Court orders prosecution to decide if it's ready for NSS boss trial by April 21

The Fast Track Accra High Court yesterday gave state prosecutors up to April 21, 2015 to decide if they have gathered enough evidence for the trial of the former  Executive Director, of  the National Service Scheme (NSS)  Alhaji Alhassan Imoro, to begin.

The new twist follows pleas by the prosecutors asking for more time for the Bureau of National Investigations (BNI) to complete its work.

An Assistant State Attorney, Mr Fred K. Awindaogo, in making a case for another adjournment, said the BNI needed time to conclude its investigations into the matter. 

This is the fourth time the court has had to adjourn proceedings at the instance of the prosecution to allow it time to continue with investigations.

When the presiding judge, Mrs Justice Georgina Mensah-Datsah, sought to know when the BNI would finish its investigations, Mr Awindaogo said the investigator was not in court, but pledged to ensure that he was around at on next adjourned date.

The turn of events did not please counsel for the accused person, Mr Samuel A. Jinapor.

Mr Jinapor, who held brief for Mr Yoni Kulendi, said “the prosecution has had about five months to prepare its case. Our humble observation to this court is that the state does not have sufficient evidence to commence this trial”.

He pleaded with the court that if the state had no sufficient evidence, then the accused must be set free.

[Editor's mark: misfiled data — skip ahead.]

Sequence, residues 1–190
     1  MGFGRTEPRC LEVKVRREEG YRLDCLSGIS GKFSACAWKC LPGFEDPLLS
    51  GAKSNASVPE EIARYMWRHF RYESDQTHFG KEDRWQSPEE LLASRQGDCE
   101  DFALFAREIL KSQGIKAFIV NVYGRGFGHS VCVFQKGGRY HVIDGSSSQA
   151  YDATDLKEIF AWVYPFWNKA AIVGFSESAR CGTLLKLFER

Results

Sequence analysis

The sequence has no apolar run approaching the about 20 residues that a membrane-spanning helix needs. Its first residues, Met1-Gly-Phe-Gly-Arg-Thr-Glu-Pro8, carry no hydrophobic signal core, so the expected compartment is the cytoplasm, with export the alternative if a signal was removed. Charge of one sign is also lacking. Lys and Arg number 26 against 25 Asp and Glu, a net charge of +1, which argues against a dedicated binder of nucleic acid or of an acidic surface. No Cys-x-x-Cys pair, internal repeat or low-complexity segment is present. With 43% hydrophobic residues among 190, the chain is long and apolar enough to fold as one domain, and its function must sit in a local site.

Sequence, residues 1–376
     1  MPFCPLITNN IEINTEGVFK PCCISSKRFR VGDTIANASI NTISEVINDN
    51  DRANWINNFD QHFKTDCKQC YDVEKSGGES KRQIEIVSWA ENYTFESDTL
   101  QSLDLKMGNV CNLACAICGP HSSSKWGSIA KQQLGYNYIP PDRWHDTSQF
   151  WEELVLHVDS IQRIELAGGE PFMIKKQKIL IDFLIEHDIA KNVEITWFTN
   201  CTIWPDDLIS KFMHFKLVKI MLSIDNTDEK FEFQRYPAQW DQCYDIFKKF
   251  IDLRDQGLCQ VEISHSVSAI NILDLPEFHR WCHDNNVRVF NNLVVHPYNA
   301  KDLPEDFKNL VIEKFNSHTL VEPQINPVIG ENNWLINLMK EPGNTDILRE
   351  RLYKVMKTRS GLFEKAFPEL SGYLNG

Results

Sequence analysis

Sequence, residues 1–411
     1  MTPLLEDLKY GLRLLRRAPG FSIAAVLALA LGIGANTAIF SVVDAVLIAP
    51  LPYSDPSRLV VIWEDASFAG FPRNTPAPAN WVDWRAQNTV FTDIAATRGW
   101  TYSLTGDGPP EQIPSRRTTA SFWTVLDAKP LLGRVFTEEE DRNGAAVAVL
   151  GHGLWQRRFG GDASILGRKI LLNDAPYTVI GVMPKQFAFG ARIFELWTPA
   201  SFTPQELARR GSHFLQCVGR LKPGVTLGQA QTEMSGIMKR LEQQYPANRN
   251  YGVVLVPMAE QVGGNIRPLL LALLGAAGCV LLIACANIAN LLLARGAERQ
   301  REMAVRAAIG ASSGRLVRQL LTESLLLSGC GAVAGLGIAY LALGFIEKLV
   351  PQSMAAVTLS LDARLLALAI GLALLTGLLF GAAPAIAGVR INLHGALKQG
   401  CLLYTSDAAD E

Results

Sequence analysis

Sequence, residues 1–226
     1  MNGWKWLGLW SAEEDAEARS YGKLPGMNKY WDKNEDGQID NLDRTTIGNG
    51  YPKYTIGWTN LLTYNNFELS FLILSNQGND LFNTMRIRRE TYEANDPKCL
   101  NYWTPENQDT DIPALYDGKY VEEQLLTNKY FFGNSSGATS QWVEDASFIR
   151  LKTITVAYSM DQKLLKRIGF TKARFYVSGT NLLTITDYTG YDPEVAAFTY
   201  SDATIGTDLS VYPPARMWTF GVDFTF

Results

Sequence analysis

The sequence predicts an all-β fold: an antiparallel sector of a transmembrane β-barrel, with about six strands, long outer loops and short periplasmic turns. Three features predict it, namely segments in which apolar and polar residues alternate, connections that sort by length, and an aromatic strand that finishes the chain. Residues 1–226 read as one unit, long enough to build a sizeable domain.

“If the accused is acquitted and discharged and the state ever finds any evidence against him, they can re-arraign him before this court,” he further argued.
State wants justice
In reply, Mr Awindaogo said the state shared similar sentiments, and  indicated that that, was the reason for which it did not oppose the accused person being granted bail.
He said, among other things, that the prosecution wanted to finish with everything so that the court’s time would not be wasted when the case started.
Currently, the bail conditions for the former NSS boss demand that he reports to the BNI every Wednesday.
But his lawyer said the weekly routine was limiting his client’s movement.
After listening to both sides, Justice Mensah-Datsa maintained the bail conditions, but urged the prosecution to allow the accused person to “report early in the mornings...”
The prosecution said Alhaji Imoro was responsible for the posting and placement, raising of vouchers and payment of National Service persons across the country.
In July this year, the BNI received some complaints of malfeasance and began nationwide investigations into the operations of the NSS with regard to the payment of monthly allowances to service persons.
According to the prosecution, investigations so far had revealed that for every month starting from September, 2013 to July, last year, GH¢7.9 million was paid to 22,612 non-existent service persons.
It said the ‘ghost’ names were generated at the NSS Headquarters under Alhassan’s supervision and he instructed that the names be added to the payment vouchers (PVs).
It said in all, GH¢86.9 million was received by Alhassan from the 10 regional directors of the scheme.


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